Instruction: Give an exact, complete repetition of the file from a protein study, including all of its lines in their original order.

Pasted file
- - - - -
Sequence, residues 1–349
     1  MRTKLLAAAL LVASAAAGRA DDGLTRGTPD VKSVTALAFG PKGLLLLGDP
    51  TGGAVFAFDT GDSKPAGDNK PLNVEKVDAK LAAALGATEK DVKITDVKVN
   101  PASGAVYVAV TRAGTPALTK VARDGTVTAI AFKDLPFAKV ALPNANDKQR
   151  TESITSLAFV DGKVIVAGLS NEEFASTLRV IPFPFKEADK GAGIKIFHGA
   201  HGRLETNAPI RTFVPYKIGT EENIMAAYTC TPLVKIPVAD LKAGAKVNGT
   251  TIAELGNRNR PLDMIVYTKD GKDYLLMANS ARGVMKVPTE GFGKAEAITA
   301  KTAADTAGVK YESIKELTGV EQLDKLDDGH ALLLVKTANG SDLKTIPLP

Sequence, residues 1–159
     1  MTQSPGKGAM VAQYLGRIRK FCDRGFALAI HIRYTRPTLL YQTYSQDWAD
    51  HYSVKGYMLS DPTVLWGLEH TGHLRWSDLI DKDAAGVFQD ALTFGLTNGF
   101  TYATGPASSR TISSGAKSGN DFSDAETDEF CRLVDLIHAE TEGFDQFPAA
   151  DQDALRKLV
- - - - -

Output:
Sequence, residues 1–349
     1  MRTKLLAAAL LVASAAAGRA DDGLTRGTPD VKSVTALAFG PKGLLLLGDP
    51  TGGAVFAFDT GDSKPAGDNK PLNVEKVDAK LAAALGATEK DVKITDVKVN
   101  PASGAVYVAV TRAGTPALTK VARDGTVTAI AFKDLPFAKV ALPNANDKQR
   151  TESITSLAFV DGKVIVAGLS NEEFASTLRV IPFPFKEADK GAGIKIFHGA
   201  HGRLETNAPI RTFVPYKIGT EENIMAAYTC TPLVKIPVAD LKAGAKVNGT
   251  TIAELGNRNR PLDMIVYTKD GKDYLLMANS ARGVMKVPTE GFGKAEAITA
   301  KTAADTAGVK YESIKELTGV EQLDKLDDGH ALLLVKTANG SDLKTIPLP

Sequence, residues 1–159
     1  MTQSPGKGAM VAQYLGRIRK FCDRGFALAI HIRYTRPTLL YQTYSQDWAD
    51  HYSVKGYMLS DPTVLWGLEH TGHLRWSDLI DKDAAGVFQD ALTFGLTNGF
   101  TYATGPASSR TISSGAKSGN DFSDAETDEF CRLVDLIHAE TEGFDQFPAA
   151  DQDALRKLV